Today it’s a big anniversary, the 100th for Indiana Farm Bureau. The organization is celebrating all year but is marking the date of its founding in 1919 with ceremonies at the Indiana Statehouse, including the signing of a proclamation declaring this Indiana Farm Bureau day.
On March 25, 1919, the name was Indiana Federation of Farmers’ Associations and it was one of the first in the nation. The first meeting was at the Claypool Hotel in downtown Indianapolis, and it was there that the foundation for advocating and protecting farmers and their interests began to be built.
Indiana Farm Bureau was started by just a few farmers, but it grew in strength as membership hit 100,000 in 1952 and then 250,000 in 1977. Growth in INFB has come through its county Farm Bureaus in all 92 counties, a true grassroots organization from the start.
In 1922, just two years after women earned the right to vote in the United States, INFB outlined a program to incorporate women into the organization and a year later the first woman was elected to the board of directors. Today a strong and very active part of Indiana Farm Bureau is the Women’s Leadership Committee.
Indiana Farm Bureau Insurance became a part of INFB in 1934 and the next year they sold the first insurance policy.
So what does Indiana Farm Bureau do? It has always focused on educating Hoosiers about the issues and concerns of Indiana farmers and rural communities and has encouraged its members to advocate for their needs locally and at the state and national levels. One early example was in 1939 when 15,000 INFB members marched to the Statehouse to successfully save the Gross Income Tax repeal. To this day the organization prioritizes property tax issues, and just three years ago INFB helped reduce farmland property taxes by approximately $500 million.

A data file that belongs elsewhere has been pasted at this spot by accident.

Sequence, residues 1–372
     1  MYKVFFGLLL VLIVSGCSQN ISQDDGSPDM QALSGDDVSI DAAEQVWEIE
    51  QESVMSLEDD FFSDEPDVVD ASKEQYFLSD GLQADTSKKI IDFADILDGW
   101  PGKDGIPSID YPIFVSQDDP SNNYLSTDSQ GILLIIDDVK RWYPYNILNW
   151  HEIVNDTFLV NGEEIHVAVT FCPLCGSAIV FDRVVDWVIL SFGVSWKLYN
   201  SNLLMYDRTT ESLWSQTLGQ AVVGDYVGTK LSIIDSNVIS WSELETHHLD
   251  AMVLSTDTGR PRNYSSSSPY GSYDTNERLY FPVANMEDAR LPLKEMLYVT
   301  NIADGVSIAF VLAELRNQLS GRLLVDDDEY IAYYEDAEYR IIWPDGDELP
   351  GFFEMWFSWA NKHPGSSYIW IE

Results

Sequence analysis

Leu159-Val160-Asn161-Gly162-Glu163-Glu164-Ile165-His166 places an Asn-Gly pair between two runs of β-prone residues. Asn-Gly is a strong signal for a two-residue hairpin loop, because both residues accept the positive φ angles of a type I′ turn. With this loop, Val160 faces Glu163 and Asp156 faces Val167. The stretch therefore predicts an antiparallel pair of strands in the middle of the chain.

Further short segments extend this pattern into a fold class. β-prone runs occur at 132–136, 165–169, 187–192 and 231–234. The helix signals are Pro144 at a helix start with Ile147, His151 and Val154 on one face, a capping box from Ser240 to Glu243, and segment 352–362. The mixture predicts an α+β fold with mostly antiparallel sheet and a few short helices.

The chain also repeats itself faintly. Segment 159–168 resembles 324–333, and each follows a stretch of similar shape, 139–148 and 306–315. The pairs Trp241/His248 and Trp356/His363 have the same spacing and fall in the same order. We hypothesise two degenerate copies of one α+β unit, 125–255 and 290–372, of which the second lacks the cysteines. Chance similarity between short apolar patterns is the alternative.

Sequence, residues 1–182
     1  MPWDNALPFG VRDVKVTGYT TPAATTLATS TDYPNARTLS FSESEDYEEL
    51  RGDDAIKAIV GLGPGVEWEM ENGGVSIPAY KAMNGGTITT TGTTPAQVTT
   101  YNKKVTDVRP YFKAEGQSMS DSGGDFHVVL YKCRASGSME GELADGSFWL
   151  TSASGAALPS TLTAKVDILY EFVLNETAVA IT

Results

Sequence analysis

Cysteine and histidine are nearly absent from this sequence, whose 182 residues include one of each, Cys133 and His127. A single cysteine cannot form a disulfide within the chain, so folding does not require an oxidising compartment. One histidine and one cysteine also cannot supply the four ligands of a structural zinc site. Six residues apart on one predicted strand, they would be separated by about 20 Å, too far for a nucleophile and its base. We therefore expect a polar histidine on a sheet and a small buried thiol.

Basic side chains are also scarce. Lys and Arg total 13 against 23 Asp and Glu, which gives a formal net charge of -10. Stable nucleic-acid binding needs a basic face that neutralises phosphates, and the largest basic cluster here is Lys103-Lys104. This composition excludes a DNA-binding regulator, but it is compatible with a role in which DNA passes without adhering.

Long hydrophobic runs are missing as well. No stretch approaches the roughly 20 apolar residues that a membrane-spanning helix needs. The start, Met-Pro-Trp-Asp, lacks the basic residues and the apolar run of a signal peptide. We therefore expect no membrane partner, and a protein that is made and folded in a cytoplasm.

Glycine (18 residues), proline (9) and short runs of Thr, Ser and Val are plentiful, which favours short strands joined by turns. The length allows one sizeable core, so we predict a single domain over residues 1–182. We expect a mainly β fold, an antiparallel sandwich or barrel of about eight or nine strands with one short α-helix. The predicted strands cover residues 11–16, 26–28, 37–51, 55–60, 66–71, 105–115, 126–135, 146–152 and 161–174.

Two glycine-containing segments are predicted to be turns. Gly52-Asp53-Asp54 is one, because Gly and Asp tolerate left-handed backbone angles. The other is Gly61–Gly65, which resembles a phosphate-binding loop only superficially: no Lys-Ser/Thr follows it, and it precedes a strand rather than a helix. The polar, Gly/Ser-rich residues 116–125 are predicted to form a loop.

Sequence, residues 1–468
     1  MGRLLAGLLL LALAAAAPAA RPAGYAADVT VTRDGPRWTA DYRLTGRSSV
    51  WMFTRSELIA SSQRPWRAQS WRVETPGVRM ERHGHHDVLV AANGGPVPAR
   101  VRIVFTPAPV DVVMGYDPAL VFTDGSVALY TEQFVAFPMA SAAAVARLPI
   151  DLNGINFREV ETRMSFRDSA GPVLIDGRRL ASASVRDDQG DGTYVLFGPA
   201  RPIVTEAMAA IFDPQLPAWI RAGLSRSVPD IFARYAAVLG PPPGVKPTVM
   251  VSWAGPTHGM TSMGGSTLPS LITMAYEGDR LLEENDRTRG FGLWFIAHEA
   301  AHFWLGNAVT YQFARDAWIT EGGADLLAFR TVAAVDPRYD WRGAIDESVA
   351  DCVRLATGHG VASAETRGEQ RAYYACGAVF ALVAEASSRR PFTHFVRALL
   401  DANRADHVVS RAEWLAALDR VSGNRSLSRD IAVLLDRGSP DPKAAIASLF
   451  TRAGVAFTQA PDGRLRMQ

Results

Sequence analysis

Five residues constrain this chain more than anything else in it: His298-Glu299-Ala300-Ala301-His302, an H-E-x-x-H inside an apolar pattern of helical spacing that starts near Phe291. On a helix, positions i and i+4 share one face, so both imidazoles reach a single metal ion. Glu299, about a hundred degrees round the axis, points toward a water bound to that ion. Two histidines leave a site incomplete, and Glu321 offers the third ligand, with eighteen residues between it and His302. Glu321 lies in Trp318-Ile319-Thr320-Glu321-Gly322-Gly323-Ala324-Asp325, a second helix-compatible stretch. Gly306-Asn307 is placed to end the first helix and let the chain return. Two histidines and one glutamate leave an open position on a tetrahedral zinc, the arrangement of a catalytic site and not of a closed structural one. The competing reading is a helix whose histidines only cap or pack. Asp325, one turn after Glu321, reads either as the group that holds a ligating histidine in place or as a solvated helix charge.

Farm Bureau educates through Agriculture in the Classroom, where volunteers teach children about farming and where their food comes from. In 2019 those are valuable lessons for kids and adults. INFB runs the Young Farmers program for young adults in agriculture. That effort started in 1938 with the formation of Indiana Rural Youth.
Current Indiana Farm Bureau president Randy Kron sums it up easily when asked why the organization is stronger than ever at 100 years. “When I look all around our state, it’s our grass roots network that makes Farm Bureau who we are. We are a wide-reaching, member-driven organization with dedicated volunteers in every county in the state. As INFB members, we’re so proud of the legacy of this organization and we look forward to doing our part to carry that legacy into the next century. I’m confident that we will remain true to the founding purpose of this organization – to be the voice of Indiana’s agricultural community – and continue to be a vital part of one of Indiana’s largest industries.”
Happy 100th Indiana Farm Bureau, and enjoy a well-deserved day of celebration and recognition at the statehouse today.
To learn more about INFB’s rich history, visit www.infarmbureau.org/about/history/INFB100.
Source: INFB (Photos also courtesy Indiana Farm Bureau)